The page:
An Emergency Protection Order has been made, what can I do?
Having a child removed from your care by Social Services
can be a trying time for any person. Often you are at a loss about what to do and who to turn to. It is essential you seek legal advice immediately, and ensure that you understand your rights
and the options available to you.
What is an Emergency Protection Order (EPO)?
An Emergency Protection Order (EPO) allows Social Services to remove your child from your care
and grants parental responsibility to the Local Authority. Initially, the order lasts for 8 days but it can be extended for another 7 days
if the Court decides that this is in the best interests of your child.
If a Court has made an EPO this means that the Court is very concerned about your child
and believes that this Order is necessary to protect your child. An EPO is only made when the child is likely to suffer significant harm
unless they are removed to a place of safety. EPO’s are made in urgent situations.
Can I see my child when an EPO is in place?
Sometimes the order will state who can and cannot see the child
. However, reasonable contact is permitted between the child and their parents. The aim of the order is not to deprive you of seeing your child but to safeguard your child
until further investigations are carried out.
Although as a parent you are allowed 'reasonable contact', how long this will be depends on the circumstances. This contact can also be supervised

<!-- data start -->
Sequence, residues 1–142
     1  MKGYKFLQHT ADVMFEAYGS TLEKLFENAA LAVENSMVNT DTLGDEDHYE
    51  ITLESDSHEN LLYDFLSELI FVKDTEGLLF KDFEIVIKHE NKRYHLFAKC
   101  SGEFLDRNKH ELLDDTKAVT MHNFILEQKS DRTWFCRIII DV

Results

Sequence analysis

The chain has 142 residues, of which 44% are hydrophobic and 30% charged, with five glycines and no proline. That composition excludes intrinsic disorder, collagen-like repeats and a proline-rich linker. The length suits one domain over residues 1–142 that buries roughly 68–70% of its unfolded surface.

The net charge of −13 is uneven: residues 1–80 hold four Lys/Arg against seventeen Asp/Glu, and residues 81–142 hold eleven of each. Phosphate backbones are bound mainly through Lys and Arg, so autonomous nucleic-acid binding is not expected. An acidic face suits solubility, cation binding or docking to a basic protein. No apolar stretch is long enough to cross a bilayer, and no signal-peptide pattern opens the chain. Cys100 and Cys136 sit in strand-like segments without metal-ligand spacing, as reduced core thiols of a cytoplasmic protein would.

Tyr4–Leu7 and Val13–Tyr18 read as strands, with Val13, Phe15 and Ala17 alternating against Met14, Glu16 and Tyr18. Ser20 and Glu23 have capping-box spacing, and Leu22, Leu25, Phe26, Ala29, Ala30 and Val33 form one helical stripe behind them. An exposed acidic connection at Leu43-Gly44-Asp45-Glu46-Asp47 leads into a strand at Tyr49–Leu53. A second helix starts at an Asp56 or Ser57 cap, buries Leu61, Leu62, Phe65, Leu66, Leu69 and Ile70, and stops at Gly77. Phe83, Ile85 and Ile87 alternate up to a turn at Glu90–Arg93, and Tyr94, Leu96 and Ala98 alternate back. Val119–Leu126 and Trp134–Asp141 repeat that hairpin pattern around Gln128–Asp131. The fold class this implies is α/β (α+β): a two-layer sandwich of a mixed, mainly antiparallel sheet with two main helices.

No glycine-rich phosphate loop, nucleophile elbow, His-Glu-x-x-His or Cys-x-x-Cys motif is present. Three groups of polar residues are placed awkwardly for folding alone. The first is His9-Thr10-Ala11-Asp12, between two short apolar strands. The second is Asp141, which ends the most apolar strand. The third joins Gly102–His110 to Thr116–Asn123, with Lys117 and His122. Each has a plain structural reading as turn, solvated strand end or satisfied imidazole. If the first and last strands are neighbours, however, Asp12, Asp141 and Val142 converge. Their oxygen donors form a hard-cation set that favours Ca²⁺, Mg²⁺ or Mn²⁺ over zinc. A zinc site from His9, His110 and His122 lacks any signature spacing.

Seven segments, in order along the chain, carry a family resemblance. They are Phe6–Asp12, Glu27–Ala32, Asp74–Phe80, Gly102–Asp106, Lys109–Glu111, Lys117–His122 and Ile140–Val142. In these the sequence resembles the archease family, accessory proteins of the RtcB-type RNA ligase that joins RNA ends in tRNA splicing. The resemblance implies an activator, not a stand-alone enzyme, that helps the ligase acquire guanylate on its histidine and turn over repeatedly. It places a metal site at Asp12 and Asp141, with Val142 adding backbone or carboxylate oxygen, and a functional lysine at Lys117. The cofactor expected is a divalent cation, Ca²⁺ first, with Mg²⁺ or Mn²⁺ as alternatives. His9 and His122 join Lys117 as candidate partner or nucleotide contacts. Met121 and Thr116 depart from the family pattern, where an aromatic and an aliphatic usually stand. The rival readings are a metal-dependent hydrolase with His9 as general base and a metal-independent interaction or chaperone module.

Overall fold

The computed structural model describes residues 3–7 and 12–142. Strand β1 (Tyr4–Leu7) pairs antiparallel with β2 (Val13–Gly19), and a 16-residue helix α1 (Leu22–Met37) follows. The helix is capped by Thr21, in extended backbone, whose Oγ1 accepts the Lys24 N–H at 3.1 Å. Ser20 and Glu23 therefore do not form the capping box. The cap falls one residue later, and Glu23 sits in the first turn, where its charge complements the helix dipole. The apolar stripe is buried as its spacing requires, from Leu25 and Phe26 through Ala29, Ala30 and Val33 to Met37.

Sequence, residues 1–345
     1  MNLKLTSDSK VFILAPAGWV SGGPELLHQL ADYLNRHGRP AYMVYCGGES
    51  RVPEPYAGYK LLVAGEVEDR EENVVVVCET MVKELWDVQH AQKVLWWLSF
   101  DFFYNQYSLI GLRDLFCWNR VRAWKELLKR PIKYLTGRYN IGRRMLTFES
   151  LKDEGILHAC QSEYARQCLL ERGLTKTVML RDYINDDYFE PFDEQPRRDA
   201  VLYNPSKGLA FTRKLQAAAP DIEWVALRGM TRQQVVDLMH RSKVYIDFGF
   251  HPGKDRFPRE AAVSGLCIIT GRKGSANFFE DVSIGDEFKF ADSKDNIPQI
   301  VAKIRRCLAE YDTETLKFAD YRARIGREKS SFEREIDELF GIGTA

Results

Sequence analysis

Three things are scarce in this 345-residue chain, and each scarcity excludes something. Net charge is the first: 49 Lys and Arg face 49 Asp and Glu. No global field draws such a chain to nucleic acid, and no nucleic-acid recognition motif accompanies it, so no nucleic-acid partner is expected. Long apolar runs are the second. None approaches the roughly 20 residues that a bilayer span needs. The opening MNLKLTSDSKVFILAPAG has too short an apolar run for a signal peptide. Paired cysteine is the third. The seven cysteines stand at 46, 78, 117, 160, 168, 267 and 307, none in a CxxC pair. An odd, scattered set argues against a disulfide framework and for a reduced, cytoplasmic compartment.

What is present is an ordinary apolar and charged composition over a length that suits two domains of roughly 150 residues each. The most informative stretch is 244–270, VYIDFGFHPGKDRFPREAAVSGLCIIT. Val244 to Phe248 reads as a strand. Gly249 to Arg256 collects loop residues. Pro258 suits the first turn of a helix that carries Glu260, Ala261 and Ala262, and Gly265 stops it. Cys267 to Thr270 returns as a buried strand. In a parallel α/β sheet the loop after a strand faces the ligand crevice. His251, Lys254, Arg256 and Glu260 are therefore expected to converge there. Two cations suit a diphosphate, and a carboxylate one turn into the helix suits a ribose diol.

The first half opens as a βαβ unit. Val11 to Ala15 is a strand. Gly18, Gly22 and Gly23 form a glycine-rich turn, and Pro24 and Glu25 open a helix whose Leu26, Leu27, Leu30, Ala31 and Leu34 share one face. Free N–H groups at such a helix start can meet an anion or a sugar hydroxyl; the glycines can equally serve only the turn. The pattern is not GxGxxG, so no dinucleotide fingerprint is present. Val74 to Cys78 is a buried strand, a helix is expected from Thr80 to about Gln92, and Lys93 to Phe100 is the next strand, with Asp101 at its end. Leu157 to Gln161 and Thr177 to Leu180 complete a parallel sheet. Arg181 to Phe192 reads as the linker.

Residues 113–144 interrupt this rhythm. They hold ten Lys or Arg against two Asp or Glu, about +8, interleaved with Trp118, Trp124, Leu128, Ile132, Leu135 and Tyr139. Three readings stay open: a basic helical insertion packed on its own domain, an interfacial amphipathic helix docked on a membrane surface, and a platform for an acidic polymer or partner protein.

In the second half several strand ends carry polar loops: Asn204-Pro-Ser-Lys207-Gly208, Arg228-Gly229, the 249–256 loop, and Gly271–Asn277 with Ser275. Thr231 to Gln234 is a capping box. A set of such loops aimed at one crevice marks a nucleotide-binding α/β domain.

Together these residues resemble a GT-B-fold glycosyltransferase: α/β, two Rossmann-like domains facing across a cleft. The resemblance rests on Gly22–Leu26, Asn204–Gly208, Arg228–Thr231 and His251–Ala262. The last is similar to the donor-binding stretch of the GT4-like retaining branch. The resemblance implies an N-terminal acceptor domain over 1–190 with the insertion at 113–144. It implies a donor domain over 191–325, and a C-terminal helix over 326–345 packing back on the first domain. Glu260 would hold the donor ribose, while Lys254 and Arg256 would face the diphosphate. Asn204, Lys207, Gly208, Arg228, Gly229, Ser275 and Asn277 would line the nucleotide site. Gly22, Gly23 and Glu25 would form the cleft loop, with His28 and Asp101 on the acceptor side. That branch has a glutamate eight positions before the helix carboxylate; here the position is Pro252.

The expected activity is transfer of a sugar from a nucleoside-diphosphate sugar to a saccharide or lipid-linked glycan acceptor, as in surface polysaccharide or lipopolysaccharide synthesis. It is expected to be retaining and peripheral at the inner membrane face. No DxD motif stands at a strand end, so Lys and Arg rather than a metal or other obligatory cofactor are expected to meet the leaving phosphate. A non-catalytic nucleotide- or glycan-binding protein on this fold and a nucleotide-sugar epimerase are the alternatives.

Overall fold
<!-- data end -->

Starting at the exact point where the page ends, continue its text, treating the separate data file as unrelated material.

and is at the discretion of the court. This may seem frustrating and you may be questioning why you cannot have unlimited access
to your child. It is important to remember that Social Services are doing what is within the best interests of your child
and would not order something that would cause them harm.
If it has been less than 72 hours since the EPO was put in place you can apply for it to be discharged
if you are the parent or person with parental responsibility. However, this is on the condition that you were not present during the hearing
at which the EPO was established or you were not given notice of the hearing at all.
If you do receive notification that there is to be court hearing in relation to your child you should contact a Child Care Law Expert
urgently for advice.
If care proceedings have been issued and you are a parent of the child that the proceedings relate to you will be entitled to free legal advice
and free representation at Court.